Restaurants & Bars 7

Porter + Frye review (msp)

cheeseguysgirl | Mar 25, 2008 02:27 PM

From the moment we walked in until the moment we left, we felt like Porter + Frye was thrilled to have us there. We were seated at a table in a tucked away corner under five gorgeous chandeliers, where we could view the entire dining room. The service was really warm and personable, engaging and yet somehow invisible (until we started chatting up the delightful water girl). Chef Brown even came out to say hello and congratulations, and at the end of the meal gave me a personal tour of the kitchen. The power of a nice note in the OpenTable comments area cannot be underestimated.

We started with the charred tuna appetizer (see photo) with shishito peppers—these peppers weren’t hot but rather bright and tangy. Combined with preserved lemons they totally refreshed what is usually a predictable restaurant dish. We also shared the Berkshire terrine (see photo- it’s covered in a super-thin layer of what is probably lard), and this slice of pork heaven pretty much melted in your mouth but was contrasted with spicy mustard (although I didn’t get much of a violet note) and smoked raisin preserves.

On to soup. Two of us had the celery bisque with roasted wild rice and some bits of pork belly, and two had the French onion soup, which was presented as poured over some onion petals (see photo). There were smears of gruyere and roasted onion puree around the walls of the bowl. It was just deconstructed in a clever way—probably a bit pretentious for some, but we enjoyed it. You don’t know what a big deal it was for me to order celery soup…. I cannot stand raw celery, and even have to mince it up super-finely to cook with it… but for the evening I decided to suspend my culinary disbeliefs and see what Steven Brown could do to change my mind. It was really amazing.

We received a bonus course. Butternut squash agnolotti, powdered bacon, truffle and shiso leaf (see photo). I realized that I had never actually eaten a slice of real truffle before, and it was beautiful…. Seriously, my eyes watered.

Entrees came. I (at the direction of our waiter) had the grilled swordfish—more truffle slices, yippee! It was really moist and well-cooked. CG had the lamb and lamb chop (see photo), with pickled hen of the woods mushrooms (I didn’t like them, but I am picky about my pickles—CG liked them a lot). The lamb chop was slow and just about melted in my mouth. The other part was actually slow-braised lamb neck that had a really delicious deep flavor. One of our companions had the walleye, and said it was really good although not what she expected (and I could not get her to elaborate more on that), and the other one had the veal breast and tenderloin. He also enjoyed it- said it was better than what his grandmother used to make. I tried the veal and liked it a lot, although I did not like the accompanying chestnuts (I find all chestnuts mealy and dry).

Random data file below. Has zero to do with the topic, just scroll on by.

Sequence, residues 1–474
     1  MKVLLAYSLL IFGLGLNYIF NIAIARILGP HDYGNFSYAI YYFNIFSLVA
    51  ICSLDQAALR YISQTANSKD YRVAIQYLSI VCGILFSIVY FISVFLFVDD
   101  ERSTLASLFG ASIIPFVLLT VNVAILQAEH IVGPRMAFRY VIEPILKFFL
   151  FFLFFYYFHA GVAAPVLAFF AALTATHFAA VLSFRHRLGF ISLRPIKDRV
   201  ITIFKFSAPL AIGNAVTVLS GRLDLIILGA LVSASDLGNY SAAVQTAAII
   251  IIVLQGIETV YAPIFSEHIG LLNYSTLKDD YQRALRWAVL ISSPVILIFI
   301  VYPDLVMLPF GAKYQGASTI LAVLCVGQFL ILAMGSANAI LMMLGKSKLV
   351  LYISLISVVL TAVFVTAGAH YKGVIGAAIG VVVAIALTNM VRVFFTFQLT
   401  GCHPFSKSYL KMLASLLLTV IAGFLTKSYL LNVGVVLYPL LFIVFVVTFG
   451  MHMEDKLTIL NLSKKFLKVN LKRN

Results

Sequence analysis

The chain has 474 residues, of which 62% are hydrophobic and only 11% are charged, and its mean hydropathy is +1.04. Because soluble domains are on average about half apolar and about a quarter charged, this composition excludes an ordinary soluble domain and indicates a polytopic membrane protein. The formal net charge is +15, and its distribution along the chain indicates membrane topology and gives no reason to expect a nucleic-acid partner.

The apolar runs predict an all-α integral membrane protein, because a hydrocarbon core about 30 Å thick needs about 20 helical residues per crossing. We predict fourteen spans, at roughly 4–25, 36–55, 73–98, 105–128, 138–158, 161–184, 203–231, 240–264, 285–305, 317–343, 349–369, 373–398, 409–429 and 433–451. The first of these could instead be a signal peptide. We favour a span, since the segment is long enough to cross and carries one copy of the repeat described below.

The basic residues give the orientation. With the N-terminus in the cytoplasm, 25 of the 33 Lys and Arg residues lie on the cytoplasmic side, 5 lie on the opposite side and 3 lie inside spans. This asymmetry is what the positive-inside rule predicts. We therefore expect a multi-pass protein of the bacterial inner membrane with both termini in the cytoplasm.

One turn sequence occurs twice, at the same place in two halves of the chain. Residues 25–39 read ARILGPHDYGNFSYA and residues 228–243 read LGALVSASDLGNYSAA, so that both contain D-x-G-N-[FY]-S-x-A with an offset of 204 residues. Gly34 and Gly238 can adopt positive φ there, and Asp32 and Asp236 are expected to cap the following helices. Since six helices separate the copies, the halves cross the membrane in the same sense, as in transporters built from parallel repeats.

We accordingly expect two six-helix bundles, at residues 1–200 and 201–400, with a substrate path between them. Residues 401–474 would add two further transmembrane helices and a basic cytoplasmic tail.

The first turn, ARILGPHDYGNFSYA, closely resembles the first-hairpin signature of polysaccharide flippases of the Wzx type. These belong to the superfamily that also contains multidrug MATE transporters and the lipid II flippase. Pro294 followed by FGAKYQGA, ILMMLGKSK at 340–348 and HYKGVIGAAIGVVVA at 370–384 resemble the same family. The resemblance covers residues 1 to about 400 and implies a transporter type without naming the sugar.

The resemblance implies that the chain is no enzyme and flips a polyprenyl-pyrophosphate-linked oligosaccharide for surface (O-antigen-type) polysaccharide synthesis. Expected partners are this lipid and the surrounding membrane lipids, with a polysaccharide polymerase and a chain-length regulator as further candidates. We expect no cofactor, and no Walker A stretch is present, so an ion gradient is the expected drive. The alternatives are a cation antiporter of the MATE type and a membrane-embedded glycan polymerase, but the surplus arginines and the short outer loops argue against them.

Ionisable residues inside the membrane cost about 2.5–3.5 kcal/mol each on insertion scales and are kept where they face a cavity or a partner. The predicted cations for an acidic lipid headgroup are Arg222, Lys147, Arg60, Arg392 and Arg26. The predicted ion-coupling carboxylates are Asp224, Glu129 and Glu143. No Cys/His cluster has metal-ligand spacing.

We had two plates to share at the table- the gnocchi (see photo), which were delicious for potato gnocchi (but I have to admit we are bigger fans of the Parisian gnocchi served at Bouchon or 112 Eatery), and the hot potato salad—the egg crusted in potato was so good, that I secretly wanted to not share it with the remainder of the table. Great balance of spicy and sweet.

The chef sent out an intermezzo of pear-chamomile sorbet atop ground toffee with a praline garnish, and it was a perfect palate cleanser.

CG and I ordered coffee and the coconut panna cotta (see photo). It was full of coconut flavor and the passionfruit sauce was a perfect tart foil. Also a suspension of my culinary disbeliefs as I usually HATE panna cotta, flan, and all other desserts of a gelatinous consistency. I do love coconut, however, and they did a wonderful job.

We actually audibly groaned when the mignardise came, we were so full. Nine tiny bite-sized desserts that we ate before I could even take a picture. You can only view the wreckage. I want them to be a surprise to you, because I think this is a great new restaurant in the TC and I think some mystery should remain. The price wasn’t even half of what we spent at Tru in Chicago, and that was for four of us, including a bottle of wine and a cocktail for each of us. For a special evening this is one of the best experiences I’ve ever had.

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